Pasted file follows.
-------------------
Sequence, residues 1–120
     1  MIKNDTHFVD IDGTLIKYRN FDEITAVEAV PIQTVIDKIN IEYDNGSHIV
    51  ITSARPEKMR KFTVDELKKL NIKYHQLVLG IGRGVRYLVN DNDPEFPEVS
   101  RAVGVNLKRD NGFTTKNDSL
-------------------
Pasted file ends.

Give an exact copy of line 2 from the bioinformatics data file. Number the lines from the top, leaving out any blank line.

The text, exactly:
     1  MIKNDTHFVD IDGTLIKYRN FDEITAVEAV PIQTVIDKIN IEYDNGSHIV